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Chapter 2 Thinking Like an Economist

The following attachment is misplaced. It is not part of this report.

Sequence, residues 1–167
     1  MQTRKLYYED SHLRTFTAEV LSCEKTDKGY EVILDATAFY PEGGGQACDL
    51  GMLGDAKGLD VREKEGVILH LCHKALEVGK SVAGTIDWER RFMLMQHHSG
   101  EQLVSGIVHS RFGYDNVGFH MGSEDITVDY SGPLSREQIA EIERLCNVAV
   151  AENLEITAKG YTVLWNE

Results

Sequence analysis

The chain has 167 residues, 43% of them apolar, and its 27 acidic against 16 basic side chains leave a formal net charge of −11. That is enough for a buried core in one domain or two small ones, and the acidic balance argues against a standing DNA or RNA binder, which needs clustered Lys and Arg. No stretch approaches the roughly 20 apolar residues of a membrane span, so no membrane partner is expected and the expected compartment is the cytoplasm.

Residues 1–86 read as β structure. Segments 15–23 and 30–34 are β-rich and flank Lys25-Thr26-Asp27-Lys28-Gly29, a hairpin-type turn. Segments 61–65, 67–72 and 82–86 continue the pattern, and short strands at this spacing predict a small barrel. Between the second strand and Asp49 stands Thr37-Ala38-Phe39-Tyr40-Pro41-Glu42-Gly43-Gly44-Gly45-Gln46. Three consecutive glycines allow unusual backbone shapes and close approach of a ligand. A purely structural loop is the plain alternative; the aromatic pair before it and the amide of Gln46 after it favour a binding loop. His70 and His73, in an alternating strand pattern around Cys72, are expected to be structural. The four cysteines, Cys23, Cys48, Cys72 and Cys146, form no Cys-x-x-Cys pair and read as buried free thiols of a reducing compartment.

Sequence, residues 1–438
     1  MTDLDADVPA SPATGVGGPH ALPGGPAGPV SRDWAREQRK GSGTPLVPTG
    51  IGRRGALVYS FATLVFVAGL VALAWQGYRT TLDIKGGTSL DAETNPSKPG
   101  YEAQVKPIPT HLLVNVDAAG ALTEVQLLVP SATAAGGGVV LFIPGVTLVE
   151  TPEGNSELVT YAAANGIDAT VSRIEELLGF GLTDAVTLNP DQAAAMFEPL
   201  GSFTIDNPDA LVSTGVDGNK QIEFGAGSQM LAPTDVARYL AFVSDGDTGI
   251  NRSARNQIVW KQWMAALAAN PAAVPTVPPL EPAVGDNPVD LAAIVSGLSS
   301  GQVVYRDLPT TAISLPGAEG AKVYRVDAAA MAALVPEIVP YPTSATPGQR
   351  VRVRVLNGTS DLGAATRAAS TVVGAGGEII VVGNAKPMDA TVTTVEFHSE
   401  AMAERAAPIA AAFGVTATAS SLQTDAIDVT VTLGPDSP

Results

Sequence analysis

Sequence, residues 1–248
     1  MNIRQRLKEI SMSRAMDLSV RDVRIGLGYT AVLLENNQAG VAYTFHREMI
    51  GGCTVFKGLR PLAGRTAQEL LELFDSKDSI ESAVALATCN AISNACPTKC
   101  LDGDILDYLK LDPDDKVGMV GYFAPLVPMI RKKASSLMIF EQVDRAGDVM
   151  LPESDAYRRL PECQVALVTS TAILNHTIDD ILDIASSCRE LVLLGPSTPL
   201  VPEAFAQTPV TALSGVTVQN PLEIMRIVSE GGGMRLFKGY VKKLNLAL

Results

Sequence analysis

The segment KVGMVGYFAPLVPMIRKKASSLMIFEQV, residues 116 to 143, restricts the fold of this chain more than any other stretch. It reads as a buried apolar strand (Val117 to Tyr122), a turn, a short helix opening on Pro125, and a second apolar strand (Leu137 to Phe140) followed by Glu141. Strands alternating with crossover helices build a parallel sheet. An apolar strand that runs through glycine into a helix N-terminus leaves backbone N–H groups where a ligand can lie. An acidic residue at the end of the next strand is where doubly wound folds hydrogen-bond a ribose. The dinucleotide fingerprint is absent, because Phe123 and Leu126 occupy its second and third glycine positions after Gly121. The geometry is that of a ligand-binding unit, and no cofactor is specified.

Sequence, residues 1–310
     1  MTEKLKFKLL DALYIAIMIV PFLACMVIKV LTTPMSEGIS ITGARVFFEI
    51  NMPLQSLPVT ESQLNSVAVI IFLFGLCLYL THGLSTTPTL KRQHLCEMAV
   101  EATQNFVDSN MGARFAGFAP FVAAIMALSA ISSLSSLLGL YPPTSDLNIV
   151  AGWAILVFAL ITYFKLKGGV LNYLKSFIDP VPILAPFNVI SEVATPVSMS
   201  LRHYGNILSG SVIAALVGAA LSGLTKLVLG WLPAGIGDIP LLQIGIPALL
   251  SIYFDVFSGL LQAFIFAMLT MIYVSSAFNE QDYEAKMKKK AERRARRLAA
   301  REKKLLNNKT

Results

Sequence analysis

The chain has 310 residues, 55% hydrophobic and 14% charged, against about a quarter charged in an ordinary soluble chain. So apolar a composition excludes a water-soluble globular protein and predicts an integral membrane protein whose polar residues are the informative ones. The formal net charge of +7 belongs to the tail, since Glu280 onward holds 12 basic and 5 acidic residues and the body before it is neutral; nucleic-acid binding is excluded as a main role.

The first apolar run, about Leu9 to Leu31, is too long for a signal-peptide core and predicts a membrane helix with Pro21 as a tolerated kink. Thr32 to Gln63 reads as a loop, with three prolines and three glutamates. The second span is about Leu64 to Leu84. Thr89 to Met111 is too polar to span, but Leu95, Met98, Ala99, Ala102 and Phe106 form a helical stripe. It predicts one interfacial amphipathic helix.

Question;71. Economists believe that production possibilities frontiers rarely;have a bowed shape.;72. A production possibilities frontier will be bowed outward if some;of the economy?s resources are better suited to producing one good than;another.;73. The trade-off between the production of one good and the production;of another good can change over time because of technological advances.;74. A technological advance in the production of the first good;increases the opportunity cost of the first good in terms of the second good.;75. While the production possibilities frontier is a useful model, it;cannot be used to illustrate economic growth.;76. Economic growth causes a production possibilities frontier to shift;outward.;77. If new government regulations designed to protect wetlands remove;very productive farmland from production, then the production possibilities;frontier will shift inward.;78. Production possibilities frontiers can be used to illustrate;scarcity, trade-offs, opportunity cost, efficiency, unemployment, technological;advances, and economic growth.;79. Microeconomics is the study of how households and firms make;decisions and how they interact in specific markets.;80. Macroeconomics is the study of economy-wide phenomena.;81. The effects of borrowing by the federal government would be studied;by a microeconomist rather than a macroeconomist.;82. The effects of foreign competition on the U.S. textile industry;would be studied by a microeconomist rather than a macroeconomist.


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